We all have an aesthetic sense. We can identify which paintings are beautiful, and which paintings are not. We can also tell good music apart from bad music. But what about math? Can an abstract idea be considered beautiful? According to a study in Cognition, the answer is yes, and you don’t need to be a mathematician to judge the beauty of an idea.
Coauthored by a Yale mathematician and a University of Bath psychologist, the study shows that average Americans can assess mathematical arguments for beauty just as they can pieces of art or music. The beauty they discerned about the math was not one-dimensional either: Using nine criteria for beauty — such as elegance, intricacy, universality, etc. — 300 individuals had better-than-chance agreement about the specific ways that four different proofs were beautiful.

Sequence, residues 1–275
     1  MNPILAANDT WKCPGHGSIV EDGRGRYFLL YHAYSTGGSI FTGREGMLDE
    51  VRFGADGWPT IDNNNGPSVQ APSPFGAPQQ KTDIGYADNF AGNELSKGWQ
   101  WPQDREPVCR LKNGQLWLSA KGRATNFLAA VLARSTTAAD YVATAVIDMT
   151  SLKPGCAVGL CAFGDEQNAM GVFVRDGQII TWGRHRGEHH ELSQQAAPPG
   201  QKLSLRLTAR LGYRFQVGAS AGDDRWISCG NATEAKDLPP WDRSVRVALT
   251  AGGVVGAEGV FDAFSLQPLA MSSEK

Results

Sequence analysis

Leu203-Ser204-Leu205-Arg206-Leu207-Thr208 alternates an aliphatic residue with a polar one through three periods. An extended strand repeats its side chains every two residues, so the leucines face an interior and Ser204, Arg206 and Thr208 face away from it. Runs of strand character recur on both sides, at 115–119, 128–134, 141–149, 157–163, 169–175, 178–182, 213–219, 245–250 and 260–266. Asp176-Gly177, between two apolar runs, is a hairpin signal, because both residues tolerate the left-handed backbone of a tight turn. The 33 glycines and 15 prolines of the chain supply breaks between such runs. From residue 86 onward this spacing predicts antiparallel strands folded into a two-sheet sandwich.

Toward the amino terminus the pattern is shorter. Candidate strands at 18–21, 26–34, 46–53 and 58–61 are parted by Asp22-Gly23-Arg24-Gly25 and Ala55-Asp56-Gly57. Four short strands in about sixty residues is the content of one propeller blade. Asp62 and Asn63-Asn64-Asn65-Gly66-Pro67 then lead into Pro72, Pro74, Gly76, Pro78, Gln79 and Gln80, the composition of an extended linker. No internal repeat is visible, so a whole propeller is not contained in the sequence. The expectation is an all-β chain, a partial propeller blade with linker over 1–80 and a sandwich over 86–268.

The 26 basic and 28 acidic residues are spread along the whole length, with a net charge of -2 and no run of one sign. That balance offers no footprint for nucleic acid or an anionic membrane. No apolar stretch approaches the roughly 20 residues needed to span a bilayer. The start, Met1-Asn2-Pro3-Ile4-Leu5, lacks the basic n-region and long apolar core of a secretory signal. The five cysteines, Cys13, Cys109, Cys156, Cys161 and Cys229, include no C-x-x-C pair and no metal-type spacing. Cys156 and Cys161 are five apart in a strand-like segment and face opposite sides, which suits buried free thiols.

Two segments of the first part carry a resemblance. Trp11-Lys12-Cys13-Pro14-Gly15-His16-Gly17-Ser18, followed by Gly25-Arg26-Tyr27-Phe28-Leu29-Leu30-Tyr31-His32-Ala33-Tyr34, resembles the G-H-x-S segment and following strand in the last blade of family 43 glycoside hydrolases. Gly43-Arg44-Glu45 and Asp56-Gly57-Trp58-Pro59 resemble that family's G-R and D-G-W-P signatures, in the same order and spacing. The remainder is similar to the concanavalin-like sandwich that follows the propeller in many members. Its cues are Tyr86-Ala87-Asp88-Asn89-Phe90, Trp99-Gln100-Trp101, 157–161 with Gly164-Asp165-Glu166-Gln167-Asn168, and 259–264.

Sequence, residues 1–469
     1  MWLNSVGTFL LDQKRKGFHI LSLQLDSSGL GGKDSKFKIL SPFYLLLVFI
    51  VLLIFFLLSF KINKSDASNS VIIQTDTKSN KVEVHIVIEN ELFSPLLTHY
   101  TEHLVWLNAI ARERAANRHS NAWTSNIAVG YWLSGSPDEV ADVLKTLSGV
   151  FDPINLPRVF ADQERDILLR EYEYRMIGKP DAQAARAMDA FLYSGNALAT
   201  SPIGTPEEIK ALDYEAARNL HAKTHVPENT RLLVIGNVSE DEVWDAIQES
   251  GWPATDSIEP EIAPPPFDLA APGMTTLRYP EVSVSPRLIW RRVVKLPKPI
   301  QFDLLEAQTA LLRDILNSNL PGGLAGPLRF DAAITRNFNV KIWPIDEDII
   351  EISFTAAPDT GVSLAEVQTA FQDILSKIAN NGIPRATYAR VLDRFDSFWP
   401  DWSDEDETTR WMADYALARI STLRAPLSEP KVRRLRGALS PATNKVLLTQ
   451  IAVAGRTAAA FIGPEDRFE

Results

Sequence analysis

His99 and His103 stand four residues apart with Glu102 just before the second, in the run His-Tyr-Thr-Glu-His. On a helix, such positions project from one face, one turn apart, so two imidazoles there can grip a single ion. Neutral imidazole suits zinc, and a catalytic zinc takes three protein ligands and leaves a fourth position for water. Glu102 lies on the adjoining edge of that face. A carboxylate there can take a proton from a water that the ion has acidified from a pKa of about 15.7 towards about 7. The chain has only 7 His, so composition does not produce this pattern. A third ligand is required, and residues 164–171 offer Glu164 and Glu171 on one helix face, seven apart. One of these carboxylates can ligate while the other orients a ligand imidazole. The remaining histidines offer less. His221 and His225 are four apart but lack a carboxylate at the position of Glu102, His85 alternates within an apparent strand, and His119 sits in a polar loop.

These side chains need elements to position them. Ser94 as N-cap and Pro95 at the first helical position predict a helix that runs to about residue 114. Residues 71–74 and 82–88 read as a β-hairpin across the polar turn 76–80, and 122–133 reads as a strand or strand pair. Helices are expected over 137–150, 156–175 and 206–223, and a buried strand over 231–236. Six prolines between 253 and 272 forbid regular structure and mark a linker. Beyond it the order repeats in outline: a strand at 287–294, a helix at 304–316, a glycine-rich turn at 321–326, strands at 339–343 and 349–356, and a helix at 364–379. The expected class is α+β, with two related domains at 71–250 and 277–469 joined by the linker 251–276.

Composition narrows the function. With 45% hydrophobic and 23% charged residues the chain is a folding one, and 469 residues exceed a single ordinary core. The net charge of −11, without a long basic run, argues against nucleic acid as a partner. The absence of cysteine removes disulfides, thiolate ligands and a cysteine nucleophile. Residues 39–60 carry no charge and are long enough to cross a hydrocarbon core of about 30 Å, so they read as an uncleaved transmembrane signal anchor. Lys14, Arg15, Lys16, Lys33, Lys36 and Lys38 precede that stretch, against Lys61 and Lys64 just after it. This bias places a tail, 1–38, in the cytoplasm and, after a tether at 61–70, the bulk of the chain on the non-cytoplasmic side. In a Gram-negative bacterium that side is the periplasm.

This inquiry into the aesthetics of mathematics began when study co-author and Yale assistant professor of mathematics Stefan Steinerberger likened a proof he was teaching to a “really good Schubert sonata.”
“As it turns out, the Yale students who do math also do a statistically impressive amount of music,” said Steinerberger. “Three or four students came up to me afterwards and asked, ‘What did you mean by this?’ And I realized I had no idea what I meant, but it just sounded sort of right. So, I emailed the psych department.”
Find out what happened next over at Yale News.
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